alpha helix

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Related to Alpha helices: alpha helix, Beta sheets

alpha helix

[′al·fə ′hē·liks]
(cell and molecular biology)
A spatial configuration of the polypeptide chains of proteins in which the chain assumes a helical form, 0.54 nanometer in pitch, 3.6 amino acids per turn, presenting the appearance of a hollow cylinder with radiating side groups.
McGraw-Hill Dictionary of Scientific & Technical Terms, 6E, Copyright © 2003 by The McGraw-Hill Companies, Inc.
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Alignment of NcGRA9 and TgGRA9 protein sequences resulted in a high sequence identity of 60%, and TgGRA9 also exhibited similar hydrophilicity, hydrophobic domains, and alpha helices. Other T.
So, most of the studied proteins contain both alpha helices and beta strands.
For this in silico experiment, we used alpha helices, beta strands, four types of coil regions (BCH: coil between beta strand and alpha helix; HCB: coil between alpha helix and beta strand; BCB: coil between two beta strands; and HCH: coil between two alpha helices), and four types of supersecondary structural motifs (B-BCH-H: beta strand and alpha helix separated by a region of coil; HHCB-B: alpha helix and beta strand separated by the region of coil; B-BCB-B: two beta strands and coil between them; H-HCH-H: two alpha helices and coil between them).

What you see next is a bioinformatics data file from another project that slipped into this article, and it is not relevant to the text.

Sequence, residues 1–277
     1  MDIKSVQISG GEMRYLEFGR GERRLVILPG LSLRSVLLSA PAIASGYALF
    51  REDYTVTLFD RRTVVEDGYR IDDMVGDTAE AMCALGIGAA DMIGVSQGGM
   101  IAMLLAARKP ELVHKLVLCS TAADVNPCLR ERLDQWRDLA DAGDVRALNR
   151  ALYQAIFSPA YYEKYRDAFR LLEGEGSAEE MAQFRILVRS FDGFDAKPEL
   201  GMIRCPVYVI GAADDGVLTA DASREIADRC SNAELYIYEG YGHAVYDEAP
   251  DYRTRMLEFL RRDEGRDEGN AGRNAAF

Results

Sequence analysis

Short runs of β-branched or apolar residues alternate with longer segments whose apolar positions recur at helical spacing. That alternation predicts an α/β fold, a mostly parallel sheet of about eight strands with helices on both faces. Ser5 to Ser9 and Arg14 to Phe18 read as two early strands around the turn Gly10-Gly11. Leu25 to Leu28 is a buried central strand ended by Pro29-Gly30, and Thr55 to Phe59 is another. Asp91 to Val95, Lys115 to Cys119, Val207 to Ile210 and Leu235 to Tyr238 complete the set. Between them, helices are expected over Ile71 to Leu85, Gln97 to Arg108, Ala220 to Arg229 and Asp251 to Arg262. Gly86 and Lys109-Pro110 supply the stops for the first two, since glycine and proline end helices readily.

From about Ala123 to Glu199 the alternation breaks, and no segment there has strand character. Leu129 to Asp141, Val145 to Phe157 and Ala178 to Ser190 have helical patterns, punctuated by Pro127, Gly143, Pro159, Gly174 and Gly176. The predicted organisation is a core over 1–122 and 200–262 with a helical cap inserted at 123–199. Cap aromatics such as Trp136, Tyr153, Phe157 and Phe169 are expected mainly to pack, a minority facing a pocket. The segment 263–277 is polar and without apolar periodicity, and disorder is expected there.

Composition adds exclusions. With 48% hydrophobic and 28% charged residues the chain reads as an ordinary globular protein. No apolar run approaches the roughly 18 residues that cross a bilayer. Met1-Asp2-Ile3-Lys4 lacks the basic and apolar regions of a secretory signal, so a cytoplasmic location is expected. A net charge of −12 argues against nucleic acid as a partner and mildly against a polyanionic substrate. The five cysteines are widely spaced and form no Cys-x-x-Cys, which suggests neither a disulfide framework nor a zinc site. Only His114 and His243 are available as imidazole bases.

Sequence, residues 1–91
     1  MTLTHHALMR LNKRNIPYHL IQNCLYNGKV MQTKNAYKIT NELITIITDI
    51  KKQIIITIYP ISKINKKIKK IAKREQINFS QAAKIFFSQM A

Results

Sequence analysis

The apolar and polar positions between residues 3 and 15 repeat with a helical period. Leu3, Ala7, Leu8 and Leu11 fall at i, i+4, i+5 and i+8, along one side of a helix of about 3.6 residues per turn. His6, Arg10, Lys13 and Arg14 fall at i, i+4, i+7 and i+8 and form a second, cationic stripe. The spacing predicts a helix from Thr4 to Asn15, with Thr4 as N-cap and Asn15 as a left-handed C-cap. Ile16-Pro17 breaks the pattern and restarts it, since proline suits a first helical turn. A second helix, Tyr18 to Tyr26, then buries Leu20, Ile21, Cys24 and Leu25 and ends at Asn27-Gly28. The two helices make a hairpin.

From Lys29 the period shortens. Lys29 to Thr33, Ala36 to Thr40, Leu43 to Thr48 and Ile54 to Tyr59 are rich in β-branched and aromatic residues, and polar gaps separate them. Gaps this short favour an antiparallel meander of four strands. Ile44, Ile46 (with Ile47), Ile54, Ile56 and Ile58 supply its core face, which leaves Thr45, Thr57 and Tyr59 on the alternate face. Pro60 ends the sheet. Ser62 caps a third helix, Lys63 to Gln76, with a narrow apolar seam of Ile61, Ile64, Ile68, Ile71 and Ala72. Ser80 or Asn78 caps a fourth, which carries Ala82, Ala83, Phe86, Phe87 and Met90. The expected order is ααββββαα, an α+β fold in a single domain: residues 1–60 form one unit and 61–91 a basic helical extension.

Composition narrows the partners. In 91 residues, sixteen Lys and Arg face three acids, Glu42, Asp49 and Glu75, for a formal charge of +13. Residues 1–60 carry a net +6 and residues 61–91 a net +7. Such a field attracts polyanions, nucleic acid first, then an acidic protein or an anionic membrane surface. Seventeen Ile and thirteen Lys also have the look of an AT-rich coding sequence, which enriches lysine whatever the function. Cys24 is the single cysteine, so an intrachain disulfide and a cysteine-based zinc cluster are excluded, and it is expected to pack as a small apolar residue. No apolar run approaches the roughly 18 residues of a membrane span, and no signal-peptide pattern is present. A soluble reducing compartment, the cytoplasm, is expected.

Even though the most commonly distributed kind of secondary structural motif (beta strand-major binder-random coil) is characteristic for Glu residues binding [Mn.sup.2+], in proteins encoded by GC-rich genes glutamic acid residues from alpha helices became able to bind that ion too.
According to the results of several studies [7, 8], the number of amino acid residues in 3/10 helices is about 10 times lower than the number of residues in alpha helices. However, that ratio between the number of residues in 3/10 helices and the number of residues in alpha helices cannot be considered as an argument towards justifying the extreme rarity of 3/10 helices.
Yet another popular theory states that 3/10 helices are usually situated before or after alpha helices [1, 4, 9].
Towards this goal, Compugen developed a sequence-based computational method for the prediction of intra-molecular interacting alpha helices. We hypothesized that adding peptides corresponding to one of the interacting helices would interfere with the formation of the helix-helix interaction, thereby capturing the target protein in its 'open' conformation.
The researchers found that the chains folded into spiral structures resembling alpha helices in proteins, suggesting that hydrogen bonds are not central to the folding of alpha helices.
Previous work had shown that combinations of just three amino acids are sufficient to form bundles of spiral-shaped structures called alpha helices. The bundles are rather formless, however.
Alpha helices were found to be easiest to predict, with various researchers correctly predicting the location of seven, eight or nine of the molecule's 10 helices.
Photo: Part of the tertiary structure of the enzyme lactate dehydrogenase, showing the spatial arrangement of its alpha helices and beta-pleated sheets.